Tag Archives | mental disorder

The Mental Illness Taboo is a Problem for All of Us

via New Scientist brain23

As celebrities become more open about their mental health problems, stigma still ensures most people conceal such illnesses, say two researchers in the field

In recent weeks Ruby Wax and Stephen Fry have once again reminded us that the lives of the famous are not always as perfect as we might think. Not for the first time, these two stars of British TV have publicly discussed their mental health: Wax her depression and Fry his bipolar disorder. Their continued openness furthers a helpful trend among celebrities. But for the vast majority with such conditions, discussion is not the norm.

Stigma and discrimination have long been major barriers to people with mental illness. The same is not true for other conditions: it is inconceivable that a person with asthma or hypertension, for example, would have faeces posted through their letter box to scare them away from the neighbourhood.

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CAMH Study Shows Mental Illness Associated With Heavy Cannabis Use

via Science Codex reefermadness

People with mental illnesses are more than seven times more likely to use cannabis weekly compared to people without a mental illness, according to researchers from the Centre for Addiction and Mental Health (CAMH) who studied U.S. data.

Cannabis is the most widely used illicit substance globally, with an estimated 203 million people reporting use. Although research has found links between cannabis use and mental illness, exact numbers and prevalence of problem cannabis use had not been investigated.

“We know that people with mental illness consume more cannabis, perhaps partially as a way to self- medicate psychiatric symptoms, but this data showed us the degree of the correlation between cannabis use, misuse, and mental illness,” said Dr. Shaul Lev-ran, Adjunct Scientist at CAMH and Head of Addiction Medicine at the Sheba Medical Center, Israel.

“Based on the number individuals reporting weekly use, we see that people with mental illness use cannabis at high rates.

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Leading Neuroscientist: Religious Fundamentalism May Be a ‘Mental Illness’ That Can Be ‘Cured’

326px-St_Dymphna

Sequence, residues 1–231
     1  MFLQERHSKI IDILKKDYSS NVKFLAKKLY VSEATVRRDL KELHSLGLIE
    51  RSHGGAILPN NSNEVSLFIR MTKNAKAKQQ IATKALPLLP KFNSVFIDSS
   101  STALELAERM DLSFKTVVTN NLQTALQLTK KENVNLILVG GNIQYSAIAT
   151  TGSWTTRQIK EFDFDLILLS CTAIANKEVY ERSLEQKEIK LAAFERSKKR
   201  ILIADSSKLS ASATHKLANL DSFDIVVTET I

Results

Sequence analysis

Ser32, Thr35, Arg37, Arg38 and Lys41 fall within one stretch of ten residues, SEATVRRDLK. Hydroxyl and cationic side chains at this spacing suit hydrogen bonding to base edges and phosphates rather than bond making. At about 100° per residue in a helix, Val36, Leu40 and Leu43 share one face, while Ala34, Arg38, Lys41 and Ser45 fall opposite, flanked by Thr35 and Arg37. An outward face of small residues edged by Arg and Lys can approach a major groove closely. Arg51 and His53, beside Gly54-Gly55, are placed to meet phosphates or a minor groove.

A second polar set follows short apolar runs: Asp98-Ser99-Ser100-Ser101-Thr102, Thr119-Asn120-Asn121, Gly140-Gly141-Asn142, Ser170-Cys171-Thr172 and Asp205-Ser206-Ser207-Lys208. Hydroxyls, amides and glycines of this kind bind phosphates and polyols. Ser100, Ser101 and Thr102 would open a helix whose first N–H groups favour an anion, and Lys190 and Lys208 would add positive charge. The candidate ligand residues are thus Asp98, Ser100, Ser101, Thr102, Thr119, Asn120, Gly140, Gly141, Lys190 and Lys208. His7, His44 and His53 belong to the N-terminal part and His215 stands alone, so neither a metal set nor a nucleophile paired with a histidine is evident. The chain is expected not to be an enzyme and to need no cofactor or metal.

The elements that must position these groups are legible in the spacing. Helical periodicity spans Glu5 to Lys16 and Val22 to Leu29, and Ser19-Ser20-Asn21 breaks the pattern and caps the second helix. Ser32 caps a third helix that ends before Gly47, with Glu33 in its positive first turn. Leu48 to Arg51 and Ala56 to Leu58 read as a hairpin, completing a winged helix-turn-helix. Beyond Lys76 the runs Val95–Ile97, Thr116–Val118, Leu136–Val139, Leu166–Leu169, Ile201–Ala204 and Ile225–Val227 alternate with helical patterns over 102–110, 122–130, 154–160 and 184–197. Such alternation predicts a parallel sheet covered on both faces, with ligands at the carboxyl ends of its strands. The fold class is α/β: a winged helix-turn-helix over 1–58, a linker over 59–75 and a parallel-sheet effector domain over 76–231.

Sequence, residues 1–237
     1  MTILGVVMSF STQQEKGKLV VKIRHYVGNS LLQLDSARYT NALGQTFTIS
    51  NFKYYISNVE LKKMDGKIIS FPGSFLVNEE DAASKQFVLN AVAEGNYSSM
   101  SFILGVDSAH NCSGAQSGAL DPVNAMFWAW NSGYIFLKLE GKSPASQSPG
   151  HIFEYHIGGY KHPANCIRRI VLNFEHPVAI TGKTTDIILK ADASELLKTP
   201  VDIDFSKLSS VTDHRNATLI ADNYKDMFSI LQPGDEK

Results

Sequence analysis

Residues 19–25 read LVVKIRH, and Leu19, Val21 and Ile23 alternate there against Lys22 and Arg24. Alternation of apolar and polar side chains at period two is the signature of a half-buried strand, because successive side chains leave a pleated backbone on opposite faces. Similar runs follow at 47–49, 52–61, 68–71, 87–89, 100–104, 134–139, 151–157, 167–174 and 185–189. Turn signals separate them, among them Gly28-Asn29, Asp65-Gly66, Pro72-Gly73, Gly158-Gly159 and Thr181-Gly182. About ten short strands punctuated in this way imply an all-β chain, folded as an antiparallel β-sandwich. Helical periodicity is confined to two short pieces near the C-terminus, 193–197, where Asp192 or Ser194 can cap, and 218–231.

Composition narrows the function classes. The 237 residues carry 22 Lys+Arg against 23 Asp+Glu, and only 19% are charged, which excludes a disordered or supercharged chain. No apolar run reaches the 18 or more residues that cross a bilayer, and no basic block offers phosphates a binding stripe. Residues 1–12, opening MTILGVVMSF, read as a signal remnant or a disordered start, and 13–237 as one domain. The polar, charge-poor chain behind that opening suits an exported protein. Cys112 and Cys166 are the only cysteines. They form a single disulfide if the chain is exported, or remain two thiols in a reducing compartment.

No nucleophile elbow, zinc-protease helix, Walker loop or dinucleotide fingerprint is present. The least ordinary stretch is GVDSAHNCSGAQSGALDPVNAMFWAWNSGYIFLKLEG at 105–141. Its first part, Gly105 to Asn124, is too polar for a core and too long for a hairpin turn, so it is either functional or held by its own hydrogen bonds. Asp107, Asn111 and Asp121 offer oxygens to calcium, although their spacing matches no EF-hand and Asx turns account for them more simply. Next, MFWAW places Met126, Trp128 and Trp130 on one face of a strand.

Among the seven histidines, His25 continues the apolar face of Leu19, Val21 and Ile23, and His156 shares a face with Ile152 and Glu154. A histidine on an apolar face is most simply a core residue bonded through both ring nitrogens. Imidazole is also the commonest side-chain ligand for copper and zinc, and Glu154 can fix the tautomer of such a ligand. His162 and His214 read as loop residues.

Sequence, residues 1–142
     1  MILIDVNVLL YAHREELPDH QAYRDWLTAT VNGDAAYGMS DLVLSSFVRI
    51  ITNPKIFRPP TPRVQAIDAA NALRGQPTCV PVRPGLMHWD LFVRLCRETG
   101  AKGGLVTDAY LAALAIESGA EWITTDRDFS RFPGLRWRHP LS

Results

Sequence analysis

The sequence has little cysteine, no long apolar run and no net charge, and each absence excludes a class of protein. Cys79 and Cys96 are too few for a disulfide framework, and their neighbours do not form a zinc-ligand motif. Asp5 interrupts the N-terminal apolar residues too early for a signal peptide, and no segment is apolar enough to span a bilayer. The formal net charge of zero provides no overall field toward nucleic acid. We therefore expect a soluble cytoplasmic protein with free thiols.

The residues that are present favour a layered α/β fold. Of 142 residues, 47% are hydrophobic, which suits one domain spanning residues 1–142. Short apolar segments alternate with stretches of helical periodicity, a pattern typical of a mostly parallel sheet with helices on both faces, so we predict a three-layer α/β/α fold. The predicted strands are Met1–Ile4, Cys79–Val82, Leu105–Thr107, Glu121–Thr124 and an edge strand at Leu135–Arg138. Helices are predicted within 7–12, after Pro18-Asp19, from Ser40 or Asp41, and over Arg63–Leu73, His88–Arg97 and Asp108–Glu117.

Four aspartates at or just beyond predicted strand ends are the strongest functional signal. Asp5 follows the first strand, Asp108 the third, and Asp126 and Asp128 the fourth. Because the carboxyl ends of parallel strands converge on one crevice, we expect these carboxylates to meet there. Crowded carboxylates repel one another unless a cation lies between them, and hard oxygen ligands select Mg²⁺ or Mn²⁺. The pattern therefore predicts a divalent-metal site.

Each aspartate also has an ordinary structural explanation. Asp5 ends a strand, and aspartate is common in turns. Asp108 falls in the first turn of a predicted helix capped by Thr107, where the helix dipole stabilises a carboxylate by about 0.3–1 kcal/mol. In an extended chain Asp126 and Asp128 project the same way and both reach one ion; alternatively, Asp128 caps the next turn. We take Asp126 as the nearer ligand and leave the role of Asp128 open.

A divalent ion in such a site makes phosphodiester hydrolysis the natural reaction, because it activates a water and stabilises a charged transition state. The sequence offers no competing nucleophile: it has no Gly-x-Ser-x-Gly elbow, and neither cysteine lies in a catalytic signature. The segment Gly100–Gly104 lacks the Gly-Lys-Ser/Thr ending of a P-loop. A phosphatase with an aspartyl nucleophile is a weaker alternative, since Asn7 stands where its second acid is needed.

Dymphna

via David Edwards The Raw Story

A leading neurologist at the University of Oxford said this week that recent developments meant that science may one day be able to identify religious fundamentalism as a “mental illness” and a cure it.

During a talk at the Hay Literary Festival in Wales on Wednesday, Kathleen Taylor was asked what positive developments she anticipated in neuroscience in the next 60 years.

“One of the surprises may be to see people with certain beliefs as people who can be treated,” she explained, according to The Times of London. “Somebody who has for example become radicalised to a cult ideology – we might stop seeing that as a personal choice that they have chosen as a result of pure free will and may start treating it as some kind of mental disturbance.”

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What It’s Like To Live As A Dead Person

cotard's syndrome

From New Scientist, what it’s like to live with the constant, crushing realization that you are dead:

Nine years ago, Graham woke up and discovered he was dead. He was in the grip of Cotard’s syndrome. People with this rare condition believe that they, or parts of their body, no longer exist.

For Graham, it was his brain that was dead, and he believed that he had killed it. Suffering from severe depression, he had tried to commit suicide by taking an electrical appliance with him into the bath.

“When I was in hospital I kept on telling them that the tablets weren’t going to do me any good ’cause my brain was dead. I lost my sense of smell and taste. I didn’t need to eat, or speak, or do anything…everything was meaningless.”

Neurologist Adam Zeman said, “He felt he was in a limbo state caught between life and death.”

Some people with Cotard’s have reportedly died of starvation, believing they no longer needed to eat.

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Standard Psychiatric Manual Drops Asperger’s And Gender Identity Disorder, Adds Hoarding

The American Psychiatric Association catches up to progress regarding transsexualism, and recognizes the form of insanity which best represents our epoch: hoarding. Via CBS News:

Asperger’s syndrome will be dropped from the latest edition of the psychiatrist’s “bible,” the Diagnostic and Statistical Manual of Mental Disorders. The American Psychiatric Association (APA) announced on Saturday the changes to its flagship manual that doctors use to diagnose patients with mental disorders. It’s the first major rewrite in nearly 20 years.

The familiar “Asperger’s” will be lumped together under autism spectrum disorder, “to help more accurately and consistently diagnose children with autism,” the APA said in a statement. Other changes include entries for new disorders such as “hoarding disorder.”